It is likely that the failure of the redemption to come as predicted only strengthened his resolve to perform a redeeming act of his own, namely, to emigrate to the Land of Israel and devote himself entirely to the religious life he describes in his writings. In the late summer of 1140, he departed for Egypt, accompanied by his son-in-law, Isaac. His correspondence and poetry attest that he remained there until mid-May of 1141, despite attempts to set sail for the Holy Land earlier. It is possible that he arrived in Ashkalon by the end of May, and many scholars support this view. However, no documentary evidence confirms this. A letter from his friend Halfon confirms only that Judah Halevi died in July of 1141.
Halevi introduces the dialogue by assuming the voice of an anonymous narrator. This figure identifies the overall concern of the ensuing discussions by indicating that he had been asked about whatever argumentation he had against those who differ or take issue with the Jews, naming as examples the philosophers generally, the adherents of the other major religions of the time (Christianity and Islam), and those who have seceded from the great majority of Jews because of their differences with them. Among the latter, it is likely that the Karaites were foremost in his mind. The narrator then establishes the context of the dialogue by recalling what he had heard of the arguments used by a Jewish sage approximately four hundred years earlier that persuaded the king of the Khazars to adopt the Jewish religion based on testimony recorded in historical chronicles of the time. This recollection leads directly to the frame story on which all that follows is predicated.
According to this story, the king repeatedly dreams the same dream, in which an angel appears to address him saying, “Your intention is pleasing to God, but your actions are not pleasing” (K 1:1). Notwithstanding the king's efforts to respond to its message through diligence in presiding over the established forms of Khazar worship and his sincere intent in doing so, the dream continued to come with the same disturbing message. This unexpected result eventually prompted him to examine the various religions and sects; after doing so, both he and the majority of the Khazars converted to Judaism. At this point, the narrator observes that some of the arguments of the unnamed Jewish scholar that prompted the king to convert were also persuasive to him and in accord with his own belief. Indeed, he thought he should record this argumentation “just as it took place,” adding, “The intelligent will understand,” a biblical citation from Daniel 12:10 (K 1:1).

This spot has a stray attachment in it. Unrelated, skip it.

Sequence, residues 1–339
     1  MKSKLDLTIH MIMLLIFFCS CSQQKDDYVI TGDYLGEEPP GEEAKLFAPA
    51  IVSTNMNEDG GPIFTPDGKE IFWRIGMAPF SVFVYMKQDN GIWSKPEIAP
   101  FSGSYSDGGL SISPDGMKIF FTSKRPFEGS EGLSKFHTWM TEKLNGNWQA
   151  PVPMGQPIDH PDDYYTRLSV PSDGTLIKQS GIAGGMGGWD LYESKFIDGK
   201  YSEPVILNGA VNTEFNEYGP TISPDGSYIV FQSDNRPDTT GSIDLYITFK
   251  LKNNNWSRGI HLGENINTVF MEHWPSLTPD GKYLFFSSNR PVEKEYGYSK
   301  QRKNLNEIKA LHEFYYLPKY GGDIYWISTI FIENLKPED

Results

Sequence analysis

This remark, “The intelligent will understand,” can be interpreted in various ways. According to some, it indicates that the argumentation presented in the dialogue must have been taken from the Book of Histories, which the narrator also mentioned. Others, however, maintain that it hints at the entire dialogue being a literary fiction. Still, others have suggested that it points to the fact that the dialogue may have been intended for very different kinds of readers and thus written on at least two levels. According to this last interpretation, the Kuzari is addressed on one level to the multitude of Jews in order to reinforce both their traditional opinions and their adherence to the forms of religious observance established by the Talmudic sages. However, on a second level, it is addressed to those more inclined towards exercising independent judgment in the conduct of life, such as members of the courtier class, philosophers, and their protégés, with a view to providing instruction on how to live responsibly within their own community. These interpretations are by no means exhaustive, but collectively they suggest that Halevi's intentions should not be taken as transparently obvious either in the dialogue as a whole or even in specific exchanges between its interlocutors. Not even the narrator, who comes closest to speaking for Halevi himself, admits to being persuaded by all of the Jewish sage's arguments. Accordingly, the intelligent reader is expected to follow the arguments and actions of the dialogue with a view to analyzing and identifying the spoken and unspoken assumptions of each speaker, the function of metaphors, analogies, and even oaths, the types and relative cogency of the arguments presented, and the significance of reformulations of earlier statements by the same speaker, if he or she is to understand what is recorded and how it might ultimately change one's life.